If you’re a Rails developer (or aspiring to become one), you know how important it is to stay up to date with all Ruby related news. It can sometimes even be overwhelming because there are so many sources of information online. It can be hard to determine which ones are actually legitimate.
Also, every developer appreciates the help of a community. Problems are solved much faster with other people’s experience.
So, here are the best everyday reads for busy a Ruby on Rails developer who wants to keep up.
1. Ruby Weekly
We all hate boring and spammy newsletters. This is definitely not one of them. Ruby Weekly is very concise, to the point and current. They will deliver one newsletter to your inbox per week, and it will be packed with useful info, no matter what you do with your Ruby code.
There’s a sample issue of the latest newsletter so you can take a look at that before deciding whether you want to give them your email address.
2. Everyday Rails
This blog has been around for a while now. It’s not updated regularly, but it’s packed with useful stuff, especially if you’re into testing. It also contains a lot of handy tips you can use to make your workday easier.
The blog has a “get things done” approach and that’s probably what we like most about it.
3. The Official Rails Blog
Well, of course. We recommend the official RoR blog for timely updates about the framework. It contains all the relevant changelogs for the gems.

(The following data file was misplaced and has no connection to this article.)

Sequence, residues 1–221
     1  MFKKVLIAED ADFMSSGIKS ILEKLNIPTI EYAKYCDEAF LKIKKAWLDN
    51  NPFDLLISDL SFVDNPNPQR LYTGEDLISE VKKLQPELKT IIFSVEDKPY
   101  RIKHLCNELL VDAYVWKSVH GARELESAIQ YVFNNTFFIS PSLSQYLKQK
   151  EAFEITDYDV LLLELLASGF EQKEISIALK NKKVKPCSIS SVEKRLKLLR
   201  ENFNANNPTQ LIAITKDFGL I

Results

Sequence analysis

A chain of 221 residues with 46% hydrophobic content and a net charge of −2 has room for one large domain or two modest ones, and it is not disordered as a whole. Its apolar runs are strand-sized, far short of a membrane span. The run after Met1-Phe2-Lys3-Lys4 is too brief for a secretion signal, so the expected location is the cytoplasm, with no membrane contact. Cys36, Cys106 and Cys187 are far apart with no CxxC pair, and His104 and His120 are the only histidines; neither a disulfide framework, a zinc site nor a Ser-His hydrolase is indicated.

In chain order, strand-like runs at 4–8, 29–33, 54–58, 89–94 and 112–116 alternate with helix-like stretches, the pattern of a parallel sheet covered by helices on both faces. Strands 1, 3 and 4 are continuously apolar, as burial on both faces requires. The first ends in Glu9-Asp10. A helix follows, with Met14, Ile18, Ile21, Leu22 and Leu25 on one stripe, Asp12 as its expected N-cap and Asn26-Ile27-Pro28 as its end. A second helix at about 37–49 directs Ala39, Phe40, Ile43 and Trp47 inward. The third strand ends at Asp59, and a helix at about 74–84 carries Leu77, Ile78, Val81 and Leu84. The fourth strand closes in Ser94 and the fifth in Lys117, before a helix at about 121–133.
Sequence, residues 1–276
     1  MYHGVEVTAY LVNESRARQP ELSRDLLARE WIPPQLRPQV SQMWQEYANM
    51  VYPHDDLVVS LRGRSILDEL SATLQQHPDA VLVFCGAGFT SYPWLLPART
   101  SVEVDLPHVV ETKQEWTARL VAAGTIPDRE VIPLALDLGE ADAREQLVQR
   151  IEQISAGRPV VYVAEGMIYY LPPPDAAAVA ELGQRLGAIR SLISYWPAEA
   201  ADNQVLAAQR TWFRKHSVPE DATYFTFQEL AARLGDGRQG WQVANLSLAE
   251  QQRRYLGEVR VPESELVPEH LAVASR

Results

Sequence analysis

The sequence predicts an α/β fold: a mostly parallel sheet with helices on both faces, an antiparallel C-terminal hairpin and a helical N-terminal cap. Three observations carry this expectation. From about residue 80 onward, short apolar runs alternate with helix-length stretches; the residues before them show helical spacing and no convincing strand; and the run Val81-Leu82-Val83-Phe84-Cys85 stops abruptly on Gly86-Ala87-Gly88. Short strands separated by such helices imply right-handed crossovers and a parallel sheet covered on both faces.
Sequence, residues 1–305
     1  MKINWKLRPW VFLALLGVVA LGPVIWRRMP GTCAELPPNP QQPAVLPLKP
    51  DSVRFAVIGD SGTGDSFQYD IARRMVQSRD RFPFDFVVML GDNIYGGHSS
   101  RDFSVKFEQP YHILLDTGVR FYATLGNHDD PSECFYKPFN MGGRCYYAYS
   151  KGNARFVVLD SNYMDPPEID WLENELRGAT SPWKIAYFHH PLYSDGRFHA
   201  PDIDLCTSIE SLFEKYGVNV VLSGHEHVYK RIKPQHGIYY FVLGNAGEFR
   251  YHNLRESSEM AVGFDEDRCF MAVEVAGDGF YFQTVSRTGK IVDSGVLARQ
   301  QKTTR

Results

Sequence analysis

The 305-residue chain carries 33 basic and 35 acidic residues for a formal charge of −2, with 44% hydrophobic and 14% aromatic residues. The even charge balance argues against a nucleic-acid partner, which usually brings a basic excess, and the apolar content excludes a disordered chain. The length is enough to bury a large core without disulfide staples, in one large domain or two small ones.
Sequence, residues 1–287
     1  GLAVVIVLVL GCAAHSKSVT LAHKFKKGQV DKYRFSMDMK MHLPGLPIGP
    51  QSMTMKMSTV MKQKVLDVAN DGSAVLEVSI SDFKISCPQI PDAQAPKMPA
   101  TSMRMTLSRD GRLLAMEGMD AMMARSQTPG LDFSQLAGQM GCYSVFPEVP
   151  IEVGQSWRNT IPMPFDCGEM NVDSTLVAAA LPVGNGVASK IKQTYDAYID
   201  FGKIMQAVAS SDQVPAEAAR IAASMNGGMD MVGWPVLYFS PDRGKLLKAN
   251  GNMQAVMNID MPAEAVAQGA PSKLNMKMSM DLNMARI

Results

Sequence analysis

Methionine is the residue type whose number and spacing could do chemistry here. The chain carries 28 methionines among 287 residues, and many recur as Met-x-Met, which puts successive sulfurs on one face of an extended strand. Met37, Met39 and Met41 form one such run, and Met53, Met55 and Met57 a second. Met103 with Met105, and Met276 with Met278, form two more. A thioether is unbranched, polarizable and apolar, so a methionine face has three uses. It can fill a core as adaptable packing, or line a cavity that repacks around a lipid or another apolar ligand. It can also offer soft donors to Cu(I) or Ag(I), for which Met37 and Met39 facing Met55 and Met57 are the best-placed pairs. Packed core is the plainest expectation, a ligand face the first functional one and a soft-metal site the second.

There’s also a “This Week in Rails” section with practical tips from developers.
If you’re not already using Reddit as a channel for learning about development, it’s high time you got started.
/r/ruby is a lively community full of people who are ready to share their knowledge (and their frustrations)
5. Drifting Ruby
This is a screencast and a blog which is updated fairly often. So, if you’re a fan of learning things visually, this is a great place.
The website is run by a Rubyist Dave Kimura.
While we’re at screencasts, we have to mention the RailsCasts.
This website hasn’t been running for a while now, but the archives are definitely worth the visit, especially for someone who’s just starting out.
7. Ruby Inside
This is another blog with news and tutorials that haven’t been updated in the past few years. Again, the archive is more than valuable for issues we’re facing today.
8. Go Rails
Another one for visual learners. GoRails YouTube channel is updated weekly and contains detailed tutorials. Most videos are just a few minutes long, but the longest you’ll spend on a single video is around 20 minutes.
The description of the screencasts states they are there to “fill in the gaps, explain the confusing pieces, and give you an understanding you can't find elsewhere”.
9. Ruby Flow
If you enjoy the concept of HackerNews, you’ll like Ruby Flow. It’s just the community, pushing out the content they find most useful.
What should we add to the list? Share your favorite blogs, YouTube channels, subreddits or other sources you use for Rails in the comments below.